Cervical spondylotic myelopathy: 10 years of treatment experience

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Introduction. Cervical spondylotic myelopathy (CSM) results from prolonged cervical stenosis and is characterized by severe neurological disturbances. Given the high degree of disability and the ineffectiveness of conservative treatment for CSM, spinal decompression surgery is preferable. Two surgical treatment approaches are currently in competition — laminoplasty and corpectomy.

The study aimed to analyze the early (1 day after surgery) and long-term (12, 60, and 120 months after surgery) clinical, radiological, and neuroimaging results of CSM surgery.

Materials and methods. Two hundred and twenty-six patients (91 women and 135 men, average age 48.1 years) with degenerative cervical spinal stenosis accompanied by myelopathy underwent surgery. Pain severity (VAS score), proprioception (M. Doita’s scale), ability to perform self-care (Nurick scale), and recovery after surgery (JOA scale) were clinically evaluated. The stability of the cervical spine was evaluated radiologically. Stenosis severity and myelopathy lesions were assessed based on the neuroimaging data.

Results. Early and long-term clinical, radiological, and neuroimaging results were evaluated. Neck pain was 0–3 points on the VAS in the long-term (12, 60, and 120 months after surgery), decreasing from the initial 6–8 points. The JOA scale results showed that the efficacy of myelopathy treatment directly depended on disease history and the timing of surgical intervention. According to the Nurick scale, there was a tendency towards significant improvement in neurological status in patients with moderate disease. In contrast, the neurological status improved or remained stable in patients with the more pronounced disease, but this required more time. Improvement in proprioception as measured by the M. Doita scale was observed in patients at all stages of the disease.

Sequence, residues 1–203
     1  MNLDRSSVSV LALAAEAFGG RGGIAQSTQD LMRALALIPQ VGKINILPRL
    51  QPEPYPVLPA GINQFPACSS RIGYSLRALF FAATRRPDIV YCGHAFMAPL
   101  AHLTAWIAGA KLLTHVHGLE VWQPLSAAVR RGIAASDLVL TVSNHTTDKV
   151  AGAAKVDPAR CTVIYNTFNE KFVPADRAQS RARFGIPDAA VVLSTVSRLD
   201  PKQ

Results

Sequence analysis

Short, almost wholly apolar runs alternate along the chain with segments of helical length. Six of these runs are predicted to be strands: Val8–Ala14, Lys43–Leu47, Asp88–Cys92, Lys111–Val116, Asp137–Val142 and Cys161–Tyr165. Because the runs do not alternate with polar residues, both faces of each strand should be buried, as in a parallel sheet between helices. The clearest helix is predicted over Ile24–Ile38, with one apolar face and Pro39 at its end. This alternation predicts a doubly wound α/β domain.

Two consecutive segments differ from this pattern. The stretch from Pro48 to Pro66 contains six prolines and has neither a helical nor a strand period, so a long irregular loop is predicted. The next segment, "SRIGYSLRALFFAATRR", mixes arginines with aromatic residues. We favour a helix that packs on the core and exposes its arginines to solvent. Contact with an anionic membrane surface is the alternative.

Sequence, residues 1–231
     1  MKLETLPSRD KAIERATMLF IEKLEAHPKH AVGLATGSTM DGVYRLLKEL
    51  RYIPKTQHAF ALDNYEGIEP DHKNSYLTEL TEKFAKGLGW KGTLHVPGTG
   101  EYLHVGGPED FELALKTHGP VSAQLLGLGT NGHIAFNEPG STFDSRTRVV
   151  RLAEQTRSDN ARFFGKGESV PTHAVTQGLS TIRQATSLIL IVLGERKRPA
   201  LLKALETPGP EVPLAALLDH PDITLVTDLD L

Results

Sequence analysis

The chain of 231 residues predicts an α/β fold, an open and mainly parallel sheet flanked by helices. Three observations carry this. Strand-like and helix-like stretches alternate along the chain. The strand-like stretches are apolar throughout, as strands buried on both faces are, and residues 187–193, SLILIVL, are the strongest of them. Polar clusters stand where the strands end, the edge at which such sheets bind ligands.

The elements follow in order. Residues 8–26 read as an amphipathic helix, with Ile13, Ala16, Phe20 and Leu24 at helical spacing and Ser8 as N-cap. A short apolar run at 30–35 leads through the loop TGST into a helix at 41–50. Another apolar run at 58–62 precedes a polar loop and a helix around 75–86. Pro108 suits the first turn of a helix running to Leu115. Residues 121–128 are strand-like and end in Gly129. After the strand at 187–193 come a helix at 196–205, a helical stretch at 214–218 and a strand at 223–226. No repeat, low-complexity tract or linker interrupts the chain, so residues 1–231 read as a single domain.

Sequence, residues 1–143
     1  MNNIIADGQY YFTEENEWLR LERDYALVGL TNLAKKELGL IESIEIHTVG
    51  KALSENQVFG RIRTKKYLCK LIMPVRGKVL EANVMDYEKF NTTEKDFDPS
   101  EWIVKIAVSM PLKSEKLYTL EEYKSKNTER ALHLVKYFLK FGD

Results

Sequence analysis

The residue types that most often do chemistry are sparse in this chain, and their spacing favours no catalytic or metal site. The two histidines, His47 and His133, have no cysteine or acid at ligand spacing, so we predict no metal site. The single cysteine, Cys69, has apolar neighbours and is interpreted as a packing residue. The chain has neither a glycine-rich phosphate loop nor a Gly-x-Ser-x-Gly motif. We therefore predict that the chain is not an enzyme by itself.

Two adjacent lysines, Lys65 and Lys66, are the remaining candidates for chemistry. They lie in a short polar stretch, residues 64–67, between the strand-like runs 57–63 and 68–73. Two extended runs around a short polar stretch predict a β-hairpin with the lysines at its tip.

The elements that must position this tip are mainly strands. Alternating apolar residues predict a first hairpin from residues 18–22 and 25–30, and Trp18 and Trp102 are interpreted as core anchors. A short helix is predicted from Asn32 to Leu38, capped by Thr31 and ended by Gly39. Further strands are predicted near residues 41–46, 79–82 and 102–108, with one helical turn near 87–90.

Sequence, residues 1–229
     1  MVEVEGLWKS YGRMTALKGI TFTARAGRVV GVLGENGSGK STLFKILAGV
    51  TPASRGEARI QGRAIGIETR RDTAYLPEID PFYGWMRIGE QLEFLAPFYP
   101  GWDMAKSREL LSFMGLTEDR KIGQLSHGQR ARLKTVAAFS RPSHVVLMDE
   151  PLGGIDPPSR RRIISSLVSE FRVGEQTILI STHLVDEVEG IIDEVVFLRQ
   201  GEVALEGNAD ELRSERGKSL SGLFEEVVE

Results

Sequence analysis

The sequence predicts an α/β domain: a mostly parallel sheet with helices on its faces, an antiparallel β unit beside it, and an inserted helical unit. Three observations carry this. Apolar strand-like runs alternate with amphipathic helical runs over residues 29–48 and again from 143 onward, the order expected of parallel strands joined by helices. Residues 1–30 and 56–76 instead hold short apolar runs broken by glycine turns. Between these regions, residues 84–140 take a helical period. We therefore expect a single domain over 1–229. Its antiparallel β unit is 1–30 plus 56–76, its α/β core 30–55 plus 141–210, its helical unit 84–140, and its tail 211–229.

Conclusion. Both surgical methods (laminoplasty and corpectomy) lead to good outcomes in CSM treatment. The effectiveness of surgical treatment for CSM directly depends on the disease duration and timing of the decompression surgery. Recovery is better when clinical symptoms of CSM are mild, moderate, and moderately severe and with a timely presentation to a surgeon.

About the authors

Artyom O. Gushcha

Research Center of Neurology

Email: drevalmax@mail.ru
Russian Federation, Moscow

Maxim D. Dreval

Russian Medical Academy of Continuing Postgraduate Education

Author for correspondence.
Email: drevalmax@mail.ru
Russian Federation, Moscow

Adilya R. Yusupova

Research Center of Neurology

Email: drevalmax@mail.ru
Russian Federation, Moscow

Sergey O. Arestov

Research Center of Neurology

Email: drevalmax@mail.ru
Russian Federation, Moscow

David V. Petrosyan

Research Center of Neurology

Email: drevalmax@mail.ru
Russian Federation, Moscow


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Copyright (c) 2021 Gushcha A.O., Dreval M.D., Yusupova A.R., Arestov S.O., Petrosyan D.V.

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